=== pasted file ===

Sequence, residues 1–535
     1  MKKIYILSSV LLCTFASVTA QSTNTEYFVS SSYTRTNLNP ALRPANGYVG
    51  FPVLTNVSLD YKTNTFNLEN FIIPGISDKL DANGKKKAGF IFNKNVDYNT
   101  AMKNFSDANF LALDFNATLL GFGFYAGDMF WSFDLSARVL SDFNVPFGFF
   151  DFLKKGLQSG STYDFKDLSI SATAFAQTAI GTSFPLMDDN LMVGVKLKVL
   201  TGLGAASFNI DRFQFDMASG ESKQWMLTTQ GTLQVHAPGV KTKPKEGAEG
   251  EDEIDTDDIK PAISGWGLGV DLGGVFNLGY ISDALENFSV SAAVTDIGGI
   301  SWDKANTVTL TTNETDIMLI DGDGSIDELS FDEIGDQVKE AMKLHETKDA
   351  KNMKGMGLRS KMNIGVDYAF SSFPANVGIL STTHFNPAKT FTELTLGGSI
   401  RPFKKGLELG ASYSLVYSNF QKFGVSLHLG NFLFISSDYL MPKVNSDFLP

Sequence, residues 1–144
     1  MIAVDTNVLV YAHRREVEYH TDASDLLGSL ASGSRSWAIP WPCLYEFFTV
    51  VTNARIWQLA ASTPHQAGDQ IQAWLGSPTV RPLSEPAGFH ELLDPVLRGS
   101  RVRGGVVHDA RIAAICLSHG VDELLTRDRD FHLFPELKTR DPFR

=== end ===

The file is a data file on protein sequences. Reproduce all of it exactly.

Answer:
Sequence, residues 1–535
     1  MKKIYILSSV LLCTFASVTA QSTNTEYFVS SSYTRTNLNP ALRPANGYVG
    51  FPVLTNVSLD YKTNTFNLEN FIIPGISDKL DANGKKKAGF IFNKNVDYNT
   101  AMKNFSDANF LALDFNATLL GFGFYAGDMF WSFDLSARVL SDFNVPFGFF
   151  DFLKKGLQSG STYDFKDLSI SATAFAQTAI GTSFPLMDDN LMVGVKLKVL
   201  TGLGAASFNI DRFQFDMASG ESKQWMLTTQ GTLQVHAPGV KTKPKEGAEG
   251  EDEIDTDDIK PAISGWGLGV DLGGVFNLGY ISDALENFSV SAAVTDIGGI
   301  SWDKANTVTL TTNETDIMLI DGDGSIDELS FDEIGDQVKE AMKLHETKDA
   351  KNMKGMGLRS KMNIGVDYAF SSFPANVGIL STTHFNPAKT FTELTLGGSI
   401  RPFKKGLELG ASYSLVYSNF QKFGVSLHLG NFLFISSDYL MPKVNSDFLP

Sequence, residues 1–144
     1  MIAVDTNVLV YAHRREVEYH TDASDLLGSL ASGSRSWAIP WPCLYEFFTV
    51  VTNARIWQLA ASTPHQAGDQ IQAWLGSPTV RPLSEPAGFH ELLDPVLRGS
   101  RVRGGVVHDA RIAAICLSHG VDELLTRDRD FHLFPELKTR DPFR